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What We Know So Far

Overview

The cargo-van-only E-Transit is visually almost indistinguishable from the gas-powered Transit, but it’s geared towards a different customer base: those who want a zero-emissions electric hauler and don’t need much driving range. While the #Vanlife Transit Trail equivalent isn’t offered, the E-Transit is available in chassis-cab, cutaway, and cargo-van configurations, allowing it to be tailored to the varying needs of commercial customers. Buyers will also have to decide between three different roof heights and three different wheelbase lengths. Standard equipment includes Ford’s Sync 4 infotainment system, various driver-assistance safety tech like lane-keep assist and automatic braking, 4G connectivity, and vinyl bucket front seats with manual four-way adjustability. Those looking to add a battery-powered full-size van to their fleet have but one vehicle to choose from: this one. It has an estimated range of 126 miles, and a DC fast charger can replenish the battery enough to provide 30 miles of range in only 10 minutes. The E-Transit’s range may not seem like a lot but Ford believes that, for the targeted clientele—tradesman and delivery drivers—the range should be adequate. The sales figures will reveal if customers agree.

What’s New for 2023?

The 2023 Ford E-Transit gets minor updates, including two newly available school bus packages and two new exterior color options: Blue Metallic and Blue Mist. Back-up alarm options are also now available, including a white noise option, and fixed shelving is now offered for high-roof models. Ford has also made a reverse speed limiter standard for all E-Transit models.

Pricing and Which One to Buy

Cutaway

$51,370

Chassis Cab

$51,900

$55,585

The cheapest version of the E-Transit is the Cutaway style which lacks a rear cargo area and is offered to custom upfitters. The better way to go for most consumers will be the cargo-van body style.

EV Motor, Power, and Performance

A single electric motor pumps out 266 horsepower and 317 pound-feet of torque; the E-Transit employs a rear-wheel-drive setup; all-wheel drive is not available. Straight-line performance is of little importance to commercial buyers, and Ford hasn’t released any 60-mph time estimates but we expect the E-Transit to offer perky acceleration, at least when unladen. The company does say that the E-Transit’s suspension system has been revised from the gasoline-powered Transit’s to improve handling. When we get a chance to test-drive the E-Transit, we’ll report our driving impressions here.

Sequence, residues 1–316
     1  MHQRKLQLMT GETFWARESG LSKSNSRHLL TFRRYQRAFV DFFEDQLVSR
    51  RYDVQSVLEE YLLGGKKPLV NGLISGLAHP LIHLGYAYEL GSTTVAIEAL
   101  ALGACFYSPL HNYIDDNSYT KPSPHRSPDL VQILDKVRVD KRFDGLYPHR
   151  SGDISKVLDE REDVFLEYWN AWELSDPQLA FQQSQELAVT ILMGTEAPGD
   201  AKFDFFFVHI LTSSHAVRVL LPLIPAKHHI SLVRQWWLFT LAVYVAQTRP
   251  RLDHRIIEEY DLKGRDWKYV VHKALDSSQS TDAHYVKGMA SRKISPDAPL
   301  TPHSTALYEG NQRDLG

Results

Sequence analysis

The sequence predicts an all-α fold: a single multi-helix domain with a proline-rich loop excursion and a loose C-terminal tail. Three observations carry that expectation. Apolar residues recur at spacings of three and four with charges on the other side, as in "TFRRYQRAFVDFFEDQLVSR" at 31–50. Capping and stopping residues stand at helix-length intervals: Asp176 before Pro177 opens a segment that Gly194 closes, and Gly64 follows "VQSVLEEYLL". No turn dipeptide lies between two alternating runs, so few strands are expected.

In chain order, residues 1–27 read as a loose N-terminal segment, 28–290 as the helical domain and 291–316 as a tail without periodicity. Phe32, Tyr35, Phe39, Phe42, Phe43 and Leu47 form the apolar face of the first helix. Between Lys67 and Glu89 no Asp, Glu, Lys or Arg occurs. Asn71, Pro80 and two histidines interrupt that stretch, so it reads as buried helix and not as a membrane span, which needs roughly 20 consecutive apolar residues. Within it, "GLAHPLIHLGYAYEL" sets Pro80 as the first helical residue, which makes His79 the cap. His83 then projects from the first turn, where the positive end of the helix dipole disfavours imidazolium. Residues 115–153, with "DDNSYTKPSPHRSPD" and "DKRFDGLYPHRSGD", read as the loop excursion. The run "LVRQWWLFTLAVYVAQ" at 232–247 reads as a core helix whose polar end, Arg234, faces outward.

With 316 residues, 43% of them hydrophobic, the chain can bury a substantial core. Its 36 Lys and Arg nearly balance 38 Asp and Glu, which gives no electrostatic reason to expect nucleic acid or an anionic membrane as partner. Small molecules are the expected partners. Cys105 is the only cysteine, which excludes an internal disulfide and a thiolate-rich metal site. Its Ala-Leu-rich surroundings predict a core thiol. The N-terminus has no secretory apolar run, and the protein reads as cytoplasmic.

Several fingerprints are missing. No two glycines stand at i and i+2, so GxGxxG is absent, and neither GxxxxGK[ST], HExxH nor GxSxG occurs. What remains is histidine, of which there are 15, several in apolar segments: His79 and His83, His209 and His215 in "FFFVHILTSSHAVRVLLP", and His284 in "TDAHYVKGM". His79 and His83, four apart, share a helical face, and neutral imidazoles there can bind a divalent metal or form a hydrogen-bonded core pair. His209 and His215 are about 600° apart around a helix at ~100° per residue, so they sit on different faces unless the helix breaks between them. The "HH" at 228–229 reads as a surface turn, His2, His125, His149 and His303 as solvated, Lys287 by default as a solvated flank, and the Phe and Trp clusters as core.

Towing and Payload Capacity

A towing capacity for the E-Transit is unknown for now, but the maximum payload for the cargo van is 3880 pounds ranging up to 4513 pounds for the cutaway model.

Range, Charging, and Battery Life

The E-Transit’s battery pack is a 67.0-kWh unit that’s good for up to 126 miles of driving per charge, Ford says. The pack can be recharged using either AC power outlets or via a DC fast charging station. Ford will provide a mobile charger that can be used to charge the E-Transit at home and will also offer a more powerful charging station that can be installed in a buyer’s garage. Otherwise, drivers can re-juice at public charging stations.

Fuel Economy and Real-World MPGe

The EPA hasn’t released any estimates for the E-Transit’s fuel economy. When we get the chance to test the E-Transit for ourselves, we’ll subject it to our 75-mph highway fuel economy test and update this story with MPGe and driving-range results. For more information about the E-Transit’s fuel economy, visit the EPA’s website.

Interior, Comfort, and Cargo

The E-Transit will be offered solely with seats for just two. As a workhorse, the E-Transit’s cabin is utilitarian, with rubberized flooring, durable plastic trim, and cloth seat upholstery. Both standard-height and high-roof models are offered, as well as normal and extended-wheelbase bodies. Cargo space will be plentiful no matter which body style is chosen; the biggest extended-wheelbase model with the high roof offers more than 487 cubic feet of cargo room.

Infotainment and Connectivity

All models of the E-Transit will come standard with a 12.0-inch infotainment system which dwarfs the 4.0-inch display in the regular Transit. It’s even larger and more sophisticated than the regular Transit’s optional 8.0-inch display as it runs Ford’s latest Sync 4 operating system. An onboard 4G LTE modem provides a Wi-Fi hotspot and also connectivity features for fleet managers, including vehicle telematics. The infotainment system is capable of receiving over-the-air updates.

Safety and Driver-Assistance Features

The E-Transit comes standard with a suite of driver-assistance features called Co-Pilot360 with more advanced driver-aids available as options. For more information about the E-Transit’s crash-test results, visit the National Highway Traffic Safety Administration (NHTSA) and Insurance Institute for Highway Safety (IIHS) websites. Key safety features include:

  • Standard automated emergency braking
  • Standard lane-departure warning with lane-keeping assist
  • Available adaptive cruise control with traffic sign recognition

Warranty and Maintenance Coverage

Ford’s standard warranty package is fairly basic and falls in line with the industry norm. The E-Transit offers an eight-year/100,000 mile warranty on its battery components, but Ford doesn’t offer any complimentary scheduled maintenance plans.

  • Limited warranty covers three years or 36,000 miles
  • Powertrain warranty covers five years or 60,000 miles
  • Battery components warranty covers eight years or 100,000 miles
  • No complimentary scheduled maintenance

More Features and Specs

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